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Scammers could be depleting funds from Vanilla Visa gift cards

Gift card holders aren’t likely to notice that they’ve lost money until they try to use it

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Photo (c) Paper Boat Creative - Getty Images
Gift cards are always a holiday gift favorite but some consumers purchasing Vanilla Visa cards have run into the Grinch. 

Renee Venezia, a woman living in Irvine, California, told her story about losing funds on her Vanilla Visa gift card to ABC News. Venezia had received a $500 gift card from her mother last year and was planning to save it for a recent trip she had planned.  

However, when she handed the freshly sealed, never-been-used gift card to the clerk at the hotel she was checking into, it was declined. The hotel informed her that the card had a $0.00 balance. 

After reaching out to InComm Financial Services, the company that owns Vanilla Gift Cards, Venezia learned that the card had been wiped clean over a year ago, and according to their report, the card was present at the time of the purchase.

Venezia said she explained that was impossible – the card had been in her possession since she received it, and it hadn’t been removed from the packaging. 

While InComm was quick to dismiss her issue, Venezia learned that scammers have been known to pull the serial number off the packaging of gift cards and use that to spend the money that was pre-loaded onto them. With the serial number, it’s easy to get the rest of the gift card information, without the recipient of the gift card ever knowing – or using the gift card. 

A well-known scam

Venezia isn’t the only person who’s been scammed thieves robbing Visa Vanilla gift cards. Similar stories have emerged as recently as a few weeks ago, while others have been circulating for months. 

Back in May 2022, Tom Vinci in North Carolina bought six $100 Visa gift cards for family members. Half of them had been completely depleted of funds before the recipients had been given them. 

After sharing his experience on social media, Vinci learned that plenty of others had similar stories. They all circled back to what Venezia learned: scammers go into stores, take pictures of the activation information on the back of the gift card, and then leave the gift card on the rack.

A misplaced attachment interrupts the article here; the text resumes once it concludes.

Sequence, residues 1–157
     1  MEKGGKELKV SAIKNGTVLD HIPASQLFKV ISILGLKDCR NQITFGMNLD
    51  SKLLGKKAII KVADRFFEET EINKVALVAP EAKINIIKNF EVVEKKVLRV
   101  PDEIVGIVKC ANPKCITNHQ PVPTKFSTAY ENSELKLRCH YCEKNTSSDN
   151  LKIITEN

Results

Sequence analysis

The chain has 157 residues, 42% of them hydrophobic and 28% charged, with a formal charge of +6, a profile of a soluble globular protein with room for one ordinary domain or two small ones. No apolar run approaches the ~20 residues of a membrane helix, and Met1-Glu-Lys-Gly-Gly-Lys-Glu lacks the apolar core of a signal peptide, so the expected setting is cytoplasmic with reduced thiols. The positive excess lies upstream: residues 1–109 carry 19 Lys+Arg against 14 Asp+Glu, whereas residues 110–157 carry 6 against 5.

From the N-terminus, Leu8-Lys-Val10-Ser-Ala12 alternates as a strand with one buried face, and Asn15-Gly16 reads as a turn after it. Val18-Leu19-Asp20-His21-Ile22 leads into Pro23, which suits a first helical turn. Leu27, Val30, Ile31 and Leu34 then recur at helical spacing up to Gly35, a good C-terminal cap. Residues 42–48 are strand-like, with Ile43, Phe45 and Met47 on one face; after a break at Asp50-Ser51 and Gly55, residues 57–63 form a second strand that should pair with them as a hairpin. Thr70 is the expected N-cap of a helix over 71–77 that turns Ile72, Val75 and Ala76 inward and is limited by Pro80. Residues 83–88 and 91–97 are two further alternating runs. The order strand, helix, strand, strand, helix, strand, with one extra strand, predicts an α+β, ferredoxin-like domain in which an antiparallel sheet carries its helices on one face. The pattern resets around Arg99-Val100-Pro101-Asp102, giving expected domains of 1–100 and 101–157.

This has been easy to accomplish because the packaging of the gift cards looks pristine. Scammers are able to get the information they need from the outside of the package, and then leave the wholly intact gift card for someone to purchase. However, when they do, the gift card has been fully wiped clean of funds. 

How to avoid these scams  

With the holidays right around the corner, it’s prime time for consumers to buy gift cards. How can you go about safely buying gift cards and ensuring the recipient receives all of the promised funds? 

According to Venezia, she recommends that consumers either stick to cash, or that gift cards are used as soon as possible after opening. 

The Federal Trade Commission (FTC) has three major tips for consumers who are thinking of purchasing gift cards – either for the holidays or beyond.

For starters, buy from stores that you trust, and avoid any auction sites or websites that look misleading. The FTC also recommends doing a thorough check of the gift card before officially purchasing it. If any vital information is visible on the back of the gift card, it’s best not to buy it, as it could be susceptible to these kinds of scams.

Lastly, it’s best to keep either the gift card’s ID number or the receipt from your purchase. In the event of any incidents, this is the best way to file a report or have any chance at getting money back. 

GiftCards.com also has some practical advice for consumers: pick gift cards that are harder to reach or in the middle of the stack of gift cards. Scammers are likely to go for the ones in the front that are easy to quickly grab and put back. However, the ones that are further away or harder to get to are likely to be avoided for these kinds of scams, which can help ensure that funds are safe and secure on the card. 

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